Decoding CBS’s Lucrative Deal with Sylvester Stallone for ‘Rocky’ Movie Broadcasts in the 1980s

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The small screen premiere of the original Rocky film on Sunday night, February 4, 1979, marked a significant moment as the iconic movie finally made its way into homes across the nation, nearly three years after its impactful theatrical release in 1976.

CBS secured the rights to the highly-anticipated premiere, an event that garnered widespread attention in newspapers leading up to the airing. During this era, streaming services, DVDs, and VCRs were in their infancy, making network television—particularly the major networks like CBS, NBC, and ABC—the primary source of home entertainment.

Despite the absence of modern conveniences, Rocky, already a cinematic underdog success, continued its winning streak on television. Over 27 million households tuned in, leading to a 36.9 Nielsen rating, showcasing its substantial appeal to TV audiences. While it didn’t rival the colossal ratings of events like the Super Bowl, which earned a 47.1 rating just two weeks earlier on NBC, the Rocky premiere still captured a remarkable 78% of the Super Bowl’s viewership—an achievement unlikely in today’s media landscape.

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The television premiere of Rocky in 1979 coincided perfectly with the upcoming release of its sequel, Rocky II, stirring further anticipation and interest among viewers.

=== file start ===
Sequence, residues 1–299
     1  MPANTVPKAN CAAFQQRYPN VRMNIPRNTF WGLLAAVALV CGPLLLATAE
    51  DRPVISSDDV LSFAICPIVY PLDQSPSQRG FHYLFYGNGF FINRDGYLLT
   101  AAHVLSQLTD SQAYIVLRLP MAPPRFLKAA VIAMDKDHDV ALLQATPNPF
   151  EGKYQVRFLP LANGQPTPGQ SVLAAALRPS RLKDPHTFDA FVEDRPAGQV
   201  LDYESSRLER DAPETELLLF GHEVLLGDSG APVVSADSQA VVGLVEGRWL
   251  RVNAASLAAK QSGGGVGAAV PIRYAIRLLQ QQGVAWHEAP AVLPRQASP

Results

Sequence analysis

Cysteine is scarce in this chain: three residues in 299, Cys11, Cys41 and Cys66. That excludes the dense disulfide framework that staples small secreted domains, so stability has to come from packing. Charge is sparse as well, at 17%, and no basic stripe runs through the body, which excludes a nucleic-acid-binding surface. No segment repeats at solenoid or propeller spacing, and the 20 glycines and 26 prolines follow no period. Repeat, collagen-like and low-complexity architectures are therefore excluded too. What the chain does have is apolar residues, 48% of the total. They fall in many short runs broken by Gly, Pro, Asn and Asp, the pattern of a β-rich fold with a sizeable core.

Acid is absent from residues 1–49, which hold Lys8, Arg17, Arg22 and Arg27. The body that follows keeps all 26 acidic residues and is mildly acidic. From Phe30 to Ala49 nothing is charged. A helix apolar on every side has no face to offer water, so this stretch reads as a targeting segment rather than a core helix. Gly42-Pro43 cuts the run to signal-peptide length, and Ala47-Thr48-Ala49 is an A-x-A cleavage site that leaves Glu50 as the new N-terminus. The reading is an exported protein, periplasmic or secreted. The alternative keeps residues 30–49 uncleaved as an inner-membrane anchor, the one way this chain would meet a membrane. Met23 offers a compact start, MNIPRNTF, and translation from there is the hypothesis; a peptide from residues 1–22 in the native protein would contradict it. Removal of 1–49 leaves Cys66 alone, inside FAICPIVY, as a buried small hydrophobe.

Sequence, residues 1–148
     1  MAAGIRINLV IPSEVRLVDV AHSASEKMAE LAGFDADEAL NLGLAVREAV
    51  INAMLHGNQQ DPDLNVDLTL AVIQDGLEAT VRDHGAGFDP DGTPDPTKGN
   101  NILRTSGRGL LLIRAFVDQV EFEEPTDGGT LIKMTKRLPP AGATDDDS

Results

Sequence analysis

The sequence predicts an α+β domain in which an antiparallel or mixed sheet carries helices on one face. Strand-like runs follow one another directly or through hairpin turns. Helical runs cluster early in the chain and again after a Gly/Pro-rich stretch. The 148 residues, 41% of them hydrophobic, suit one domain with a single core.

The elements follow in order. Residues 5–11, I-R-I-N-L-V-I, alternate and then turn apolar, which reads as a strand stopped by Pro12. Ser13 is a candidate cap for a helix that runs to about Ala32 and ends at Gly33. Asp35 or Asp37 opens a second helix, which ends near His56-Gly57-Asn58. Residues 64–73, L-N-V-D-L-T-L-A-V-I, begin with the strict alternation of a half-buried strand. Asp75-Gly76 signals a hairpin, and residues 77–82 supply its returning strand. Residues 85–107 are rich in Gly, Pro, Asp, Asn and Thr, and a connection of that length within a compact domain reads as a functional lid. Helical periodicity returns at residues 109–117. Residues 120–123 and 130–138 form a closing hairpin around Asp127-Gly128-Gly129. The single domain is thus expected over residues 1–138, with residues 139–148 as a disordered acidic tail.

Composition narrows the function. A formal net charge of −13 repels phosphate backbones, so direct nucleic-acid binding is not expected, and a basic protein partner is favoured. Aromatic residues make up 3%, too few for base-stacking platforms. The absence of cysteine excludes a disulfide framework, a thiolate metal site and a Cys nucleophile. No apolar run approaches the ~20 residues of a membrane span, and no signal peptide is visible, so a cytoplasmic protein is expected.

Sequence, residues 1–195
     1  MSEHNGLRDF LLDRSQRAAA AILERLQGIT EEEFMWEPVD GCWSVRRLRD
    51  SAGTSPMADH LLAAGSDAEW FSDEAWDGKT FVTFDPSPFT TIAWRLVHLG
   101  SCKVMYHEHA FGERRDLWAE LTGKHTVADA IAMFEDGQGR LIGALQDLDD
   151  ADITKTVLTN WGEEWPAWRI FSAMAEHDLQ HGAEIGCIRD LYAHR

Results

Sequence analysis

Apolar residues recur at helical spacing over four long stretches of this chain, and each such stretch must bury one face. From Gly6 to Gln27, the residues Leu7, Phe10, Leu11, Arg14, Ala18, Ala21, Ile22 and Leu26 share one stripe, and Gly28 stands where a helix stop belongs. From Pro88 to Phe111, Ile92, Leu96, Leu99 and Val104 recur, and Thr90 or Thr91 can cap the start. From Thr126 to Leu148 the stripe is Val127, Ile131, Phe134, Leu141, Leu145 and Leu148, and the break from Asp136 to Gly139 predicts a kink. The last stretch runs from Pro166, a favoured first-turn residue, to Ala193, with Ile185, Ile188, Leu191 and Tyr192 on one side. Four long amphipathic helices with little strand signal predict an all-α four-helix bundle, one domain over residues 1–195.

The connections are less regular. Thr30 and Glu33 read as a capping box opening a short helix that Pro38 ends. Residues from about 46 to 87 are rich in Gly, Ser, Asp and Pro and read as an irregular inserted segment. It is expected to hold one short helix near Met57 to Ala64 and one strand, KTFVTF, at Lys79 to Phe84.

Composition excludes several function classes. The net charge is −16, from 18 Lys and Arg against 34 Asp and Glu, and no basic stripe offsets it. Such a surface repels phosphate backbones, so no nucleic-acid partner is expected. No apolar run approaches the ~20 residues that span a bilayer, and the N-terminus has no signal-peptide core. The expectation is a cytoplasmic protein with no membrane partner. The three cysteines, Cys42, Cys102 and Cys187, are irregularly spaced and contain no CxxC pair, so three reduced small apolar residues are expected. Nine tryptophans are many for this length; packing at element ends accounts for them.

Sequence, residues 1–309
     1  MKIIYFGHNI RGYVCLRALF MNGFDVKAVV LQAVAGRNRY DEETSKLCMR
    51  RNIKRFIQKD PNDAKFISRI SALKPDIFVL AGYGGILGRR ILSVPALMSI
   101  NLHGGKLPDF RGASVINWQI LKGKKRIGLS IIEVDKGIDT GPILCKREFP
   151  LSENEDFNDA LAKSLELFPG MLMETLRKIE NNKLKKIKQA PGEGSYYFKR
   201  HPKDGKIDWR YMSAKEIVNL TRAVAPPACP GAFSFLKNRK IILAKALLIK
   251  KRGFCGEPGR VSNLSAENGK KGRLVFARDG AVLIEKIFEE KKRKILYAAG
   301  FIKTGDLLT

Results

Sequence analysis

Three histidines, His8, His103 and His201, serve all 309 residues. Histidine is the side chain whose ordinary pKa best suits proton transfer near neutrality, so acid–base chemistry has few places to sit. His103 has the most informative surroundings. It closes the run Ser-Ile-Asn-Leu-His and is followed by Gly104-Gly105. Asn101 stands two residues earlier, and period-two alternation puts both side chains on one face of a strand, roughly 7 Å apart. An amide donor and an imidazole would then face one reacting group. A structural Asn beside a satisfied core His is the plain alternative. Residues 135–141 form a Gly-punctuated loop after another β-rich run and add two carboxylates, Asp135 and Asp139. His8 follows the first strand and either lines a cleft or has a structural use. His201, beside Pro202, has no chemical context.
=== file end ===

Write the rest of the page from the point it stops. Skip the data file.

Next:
The success of Rocky II at the box office prompted a groundbreaking deal between United Artists and CBS in 1980, granting CBS the rights to air the sequel for a reported $23 million—an unprecedented amount at the time for network film rights. This deal eclipsed previous agreements for films like Alien and The Sound of Music, solidifying the Rocky series’ commercial value.

Burt Young, who portrayed Paulie in the Rocky movies, confirmed the magnitude of the deal and hinted at substantial financial gains for himself and other cast members. However, the lion’s share undoubtedly went to Sylvester Stallone, likely commanding a six-figure payout.

The franchise’s success continued with Rocky III, featuring Mr. T and Hulk Hogan, which prompted CBS to strike a deal to air the film for $15 million, capitalizing on its burgeoning popularity. Despite some questioning the hefty expenditure by CBS, the network aimed to establish the Rocky films as a viewing tradition, aligning with the shifting landscape of blockbuster movies and fewer studio productions.

While these deals enriched the cast and Stallone significantly, the landscape of television underwent rapid changes with the rise of cable networks like HBO, VHS rentals, and the emergence of FOX. This evolution signaled the end of such colossal network film deals.

CBS’s long-term agreement regarding the Rocky series lacked foresight in the changing media landscape. However, the network eventually merged with Fox’s VHS division, distributing the Rocky films under CBS/Fox Video, yielding considerable profits, particularly with the success of Rocky III in the VHS market.

Ultimately, Sylvester Stallone emerged as the true victor, securing substantial financial gains without additional work, benefitting immensely from the perfect timing, circumstances, and success of the Rocky series during the peak era of movie blockbusters on network television in the early 1980s—a period unlikely to be replicated.